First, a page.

There is a local group of women who put on plays. The group is called Raise Your Spirits. I have not had the pleasure to attend one of these plays yet, though I know many of these wonderful women and other amazing work they do. Just knowing them has often raised my spirits. As I already posted something earlier this week about the roller coaster I am on at the moment, I really wasn’t planning on writing any more, but this morning during the shacharit prayer additional thoughts came to me and asked to be shared, so I am doing my best in the countdown to both sunset which will bring Shabbat and also mincha, the afternoon and third and final prayer of the day, and the last one for this, the fourth year, where I will say Kaddish to elevate my mother’s soul. I was feeling unexpectedly emotional both last night and this morning-after all, it has been four years now, I have healed in many ways, learned to live with the loss, and there are other griefs that have taken the forefront like one from earlier this week and one from next week as well, that one a loss for our whole nation and only one year old. But I realized that none of my emotions felt heavy; even the sadness was only because although I had the support of friends in shul (synagogue), I hadn’t thought to ask a female friend to be with me in the women’s section. So after last night’s prayer, I simply texted a friend who I can go to for hugs, no questions asked, if needed (everyone needs these people, and I love all the huggers in my life!), who immediately said of course I could stop by; even just this “yes” helped lift my spirits already. Actually, this morning when I started thinking about writing some of this, I did think how amused my mom would have been that a blog about her yahrzeit would be called “raise your spirits”! To go on- I wrote that in Israel, people have (as I attended earlier this week) a tradition of going to the kever (grave) usually (I think) with others, saying kaddish, tehillim, el moleh rachamim, and then having a gathering. I do not have the ability to go to either of my parents kevarim, being 6,000 miles away, and I don’t often have a gathering, although on a workday I often bring what we call kibbud- snacks and drinks, so that others can make blessings in their names. Sometimes a rav will say some words of torah, or ask me to share something. This is beautiful too. Today, instead, I was zocheh (privileged) to share the day in the most beautiful way, by joining the bris for my best friend since childhood’s first grandchild. It is an amazing milestone, and it meant being able to see her children and the children of others we grew up with who live here, as well as her parents who became great-grandparents! (along with the grandparents on other side!), and our friends parents–multiple generations–it was so beautiful and heartwarming and…just wow.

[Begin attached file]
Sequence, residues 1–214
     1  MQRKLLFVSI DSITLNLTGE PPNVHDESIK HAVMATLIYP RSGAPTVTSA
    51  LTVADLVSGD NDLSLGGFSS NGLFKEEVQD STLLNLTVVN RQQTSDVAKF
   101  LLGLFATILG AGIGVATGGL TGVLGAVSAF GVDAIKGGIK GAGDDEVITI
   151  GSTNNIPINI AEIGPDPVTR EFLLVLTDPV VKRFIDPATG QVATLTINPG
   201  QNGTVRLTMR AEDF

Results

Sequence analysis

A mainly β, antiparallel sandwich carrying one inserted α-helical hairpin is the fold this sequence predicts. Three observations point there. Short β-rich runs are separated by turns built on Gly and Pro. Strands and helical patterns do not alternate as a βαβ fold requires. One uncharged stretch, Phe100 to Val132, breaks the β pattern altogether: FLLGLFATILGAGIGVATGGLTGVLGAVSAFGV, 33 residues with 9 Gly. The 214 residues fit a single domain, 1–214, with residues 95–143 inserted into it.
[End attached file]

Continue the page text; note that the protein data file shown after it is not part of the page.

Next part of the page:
In all, though, at the end of this week, I have one main feeling, and that is that I am grateful. Part of what brought on tears and the need for a hug last night was not feeling empty but this: I was worried because usually, our shul’s minhag (tradition) is that women are welcome to say kaddish, but they say it along with a man. I am fine with that, because the one time I said it in a different shul and they have women say it alone, it turned out no man was saying it, and boy did I feel in the spotlight. The only time it was a problem was the time when I was saying it during the year of avelut (mourning), when I tried to go as often as I could, and I managed to get there one evening when it was really hard that day, and then when it came time, NO ONE said it, and all the men started leaving. I felt voiceless at the time, so I didn’t protest, just left, sad and angry and upset, but also: I took action. I spoke to someone at the shul, and now, just like they sign they put on the women’s side to say that men weren’t allowed in there (another change I accomplished that year– I know my mother is proud), they have a sign women can turn so men know that they are saying kaddish and that a man will start to say it. But, since I now have only one day a year to say it, I was worried, and reached out to a shul staff person, who contacted someone else who contacted me, who said he would be there this morning. I also called a friend who said he would make sure to be there last night. In the end, there were other male mourners at the times I went. But that wasn’t what counted. For me, what lightened my heart, what mattered, was the people who were there for me, who made an effort to be there because I asked. To say yes to a hug, no questions asked. I still remember, and yes, I am calling you out and asking for a complete refuah for you, Yael S., your meatballs and rice were the first meal I was able to eat properly that Thursday night, four years ago, five days after my mother’s levaya. There were so many people, I wish I had a guest book–it is all a blur. I wish I could remember all the people who came out to see me, to be with me. Those who sat and just held my hand, those who had their own memories to share–it was all good, as Miriam says.